References

Gilmore, A., 2007. Authentic materials and authenticity in foreign language learning. Language Teaching, 40(2), pp. 97-118.

Levis, J. M., 2005. Changing Contexts and Shifting Paradigms in Pronunciation Teaching. TESOL Quarterly, 39(3), pp. 369-377.

Loshchky, L., 1994. Comprehensible Input and Second Language Acquisition: What is teh Relationship?. Studies in Second Language Acquisition, 16(3), pp. 303-323.

Mishan, F. & Timmis, I., 2015. Mateials Development for TESOL. Epub ed. Edinburgh: Edinburgh University Press.

Rea, D. et al., 2013. English Unlimited B1+. s.l.:Cambridge University Press.

Tomlinson, B. & Masuhara, H., 2018. The Complete Guide to the Theory and Practice of Materials Development for Language Learning. New Jersey: Hoboken.

 

 

Examining our beliefs in the function and purpose of materials

This week’s seminar involved a ranking exercise, a higher order cognitive task in Bloom’s taxonomy. We were required to complete some sentence stems about materials and rank them. It proved to be far more challenging than I, and my group imagined and we found it impossible to rank the sentences about materials.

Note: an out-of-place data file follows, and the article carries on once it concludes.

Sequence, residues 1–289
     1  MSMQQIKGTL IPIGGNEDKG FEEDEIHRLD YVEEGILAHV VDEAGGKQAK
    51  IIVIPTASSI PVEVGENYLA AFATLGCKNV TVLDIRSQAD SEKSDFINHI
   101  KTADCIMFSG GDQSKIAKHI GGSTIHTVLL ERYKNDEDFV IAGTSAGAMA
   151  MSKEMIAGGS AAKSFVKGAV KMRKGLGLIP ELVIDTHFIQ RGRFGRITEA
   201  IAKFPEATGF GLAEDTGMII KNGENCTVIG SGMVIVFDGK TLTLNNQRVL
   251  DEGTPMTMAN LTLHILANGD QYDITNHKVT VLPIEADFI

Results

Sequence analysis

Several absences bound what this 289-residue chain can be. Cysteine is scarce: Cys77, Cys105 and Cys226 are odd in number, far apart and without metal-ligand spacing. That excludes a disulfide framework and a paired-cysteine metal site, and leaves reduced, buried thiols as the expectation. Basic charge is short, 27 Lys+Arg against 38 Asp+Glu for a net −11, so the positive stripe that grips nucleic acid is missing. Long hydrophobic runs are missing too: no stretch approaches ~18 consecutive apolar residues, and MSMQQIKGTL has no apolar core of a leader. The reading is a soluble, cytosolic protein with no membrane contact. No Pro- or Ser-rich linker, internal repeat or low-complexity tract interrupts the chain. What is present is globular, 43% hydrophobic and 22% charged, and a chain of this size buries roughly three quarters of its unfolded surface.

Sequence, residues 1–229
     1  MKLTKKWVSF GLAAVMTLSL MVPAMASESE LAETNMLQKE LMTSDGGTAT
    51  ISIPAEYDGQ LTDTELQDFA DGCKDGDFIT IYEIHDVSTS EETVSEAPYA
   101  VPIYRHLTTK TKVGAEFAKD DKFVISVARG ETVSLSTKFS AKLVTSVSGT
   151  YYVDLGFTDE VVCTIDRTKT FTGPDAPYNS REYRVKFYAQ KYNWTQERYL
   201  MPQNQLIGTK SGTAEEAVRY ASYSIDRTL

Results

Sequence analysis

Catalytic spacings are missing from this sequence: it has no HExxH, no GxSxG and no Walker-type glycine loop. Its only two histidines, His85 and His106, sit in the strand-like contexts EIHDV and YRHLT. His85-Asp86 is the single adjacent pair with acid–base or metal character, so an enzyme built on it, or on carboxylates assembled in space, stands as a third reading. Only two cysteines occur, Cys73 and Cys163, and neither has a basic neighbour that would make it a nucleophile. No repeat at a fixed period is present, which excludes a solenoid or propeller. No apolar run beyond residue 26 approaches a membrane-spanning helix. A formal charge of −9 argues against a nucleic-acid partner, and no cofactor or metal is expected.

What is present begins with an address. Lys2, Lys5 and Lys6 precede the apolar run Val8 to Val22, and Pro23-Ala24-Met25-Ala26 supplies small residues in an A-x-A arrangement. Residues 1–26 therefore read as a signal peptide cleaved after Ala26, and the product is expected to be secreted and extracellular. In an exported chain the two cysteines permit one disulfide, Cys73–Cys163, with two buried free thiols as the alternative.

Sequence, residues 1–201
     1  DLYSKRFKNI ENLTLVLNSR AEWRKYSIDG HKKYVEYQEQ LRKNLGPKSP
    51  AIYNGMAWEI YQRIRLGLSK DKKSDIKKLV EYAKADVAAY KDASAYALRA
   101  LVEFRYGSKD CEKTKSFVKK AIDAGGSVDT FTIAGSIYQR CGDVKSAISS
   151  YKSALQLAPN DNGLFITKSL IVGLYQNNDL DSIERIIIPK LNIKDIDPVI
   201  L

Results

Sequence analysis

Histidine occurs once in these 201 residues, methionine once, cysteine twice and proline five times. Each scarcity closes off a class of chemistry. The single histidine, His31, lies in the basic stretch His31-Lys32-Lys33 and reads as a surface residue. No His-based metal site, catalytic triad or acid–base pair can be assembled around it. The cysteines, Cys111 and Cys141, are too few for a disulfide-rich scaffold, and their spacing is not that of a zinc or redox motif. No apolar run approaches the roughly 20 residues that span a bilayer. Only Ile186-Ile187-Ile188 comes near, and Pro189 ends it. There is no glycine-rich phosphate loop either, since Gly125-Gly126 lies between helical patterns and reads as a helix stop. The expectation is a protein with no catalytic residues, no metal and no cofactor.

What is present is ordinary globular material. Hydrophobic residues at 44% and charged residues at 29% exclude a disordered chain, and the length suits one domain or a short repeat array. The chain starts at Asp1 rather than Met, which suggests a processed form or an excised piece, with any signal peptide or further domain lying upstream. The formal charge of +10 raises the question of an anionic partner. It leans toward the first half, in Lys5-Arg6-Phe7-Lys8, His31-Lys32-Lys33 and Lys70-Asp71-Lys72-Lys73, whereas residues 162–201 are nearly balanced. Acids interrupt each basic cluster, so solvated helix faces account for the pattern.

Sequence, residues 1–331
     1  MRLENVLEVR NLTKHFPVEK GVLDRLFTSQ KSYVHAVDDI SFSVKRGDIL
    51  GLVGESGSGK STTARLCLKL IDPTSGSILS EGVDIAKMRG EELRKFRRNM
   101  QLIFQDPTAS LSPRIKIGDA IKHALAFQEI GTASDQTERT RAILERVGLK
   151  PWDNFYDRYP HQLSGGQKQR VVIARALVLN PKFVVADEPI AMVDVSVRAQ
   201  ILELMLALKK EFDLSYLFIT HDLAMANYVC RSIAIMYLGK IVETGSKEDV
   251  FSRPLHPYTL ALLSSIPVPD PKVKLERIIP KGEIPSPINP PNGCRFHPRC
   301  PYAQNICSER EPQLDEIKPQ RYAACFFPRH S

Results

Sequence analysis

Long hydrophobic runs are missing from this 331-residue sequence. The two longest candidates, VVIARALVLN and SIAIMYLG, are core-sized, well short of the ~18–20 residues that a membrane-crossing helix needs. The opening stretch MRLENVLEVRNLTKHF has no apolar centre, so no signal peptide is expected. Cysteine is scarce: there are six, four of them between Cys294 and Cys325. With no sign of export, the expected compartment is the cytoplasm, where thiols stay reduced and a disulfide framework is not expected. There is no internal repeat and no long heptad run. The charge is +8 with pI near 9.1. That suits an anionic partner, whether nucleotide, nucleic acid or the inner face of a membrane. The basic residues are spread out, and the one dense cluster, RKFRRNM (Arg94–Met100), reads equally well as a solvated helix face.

Prioritising attributes of materials

A flat hierarchy of importance

The sentences exposed our underlying beliefs about the function and purpose of materials. It also further exposed how unprincipled our beliefs were and, similar to beliefs in teaching, our approach to creating materials did not necessarily match our stated beliefs.

I think this loose understanding of our own beliefs in materials may lead to problems later on when evaluating materials. We have baggage regarding the the effectiveness of published materials, but cannot clearly articulate which of our beliefs that the evaluated materials impinge upon.

 

Course books, materials, and our relationships with them

During our seminar, 11th February 2021, introducing the module, we discussed a few questions regarding materials and our relationship with them. Some varied and interesting opinions were shared in the seminar and on our discussion board. I would like to talk about defining materials, the paradox of course books, the economics of creating materials, and our relationship with materials as learners and teachers.

One definition of materials that stood out was that they could be anything “designed to assist learners achieving desired learning outcomes” (Colburn, 2021) and this aligned with Tomlinson and Masuhara’s definition (2018, p. 2) that “anything that can be used by learners to facilitate their learning of the language”. They go on to list some examples both tangible and intangible. From a teacher’s perspective, this definition could present challenges and opportunities in the classroom.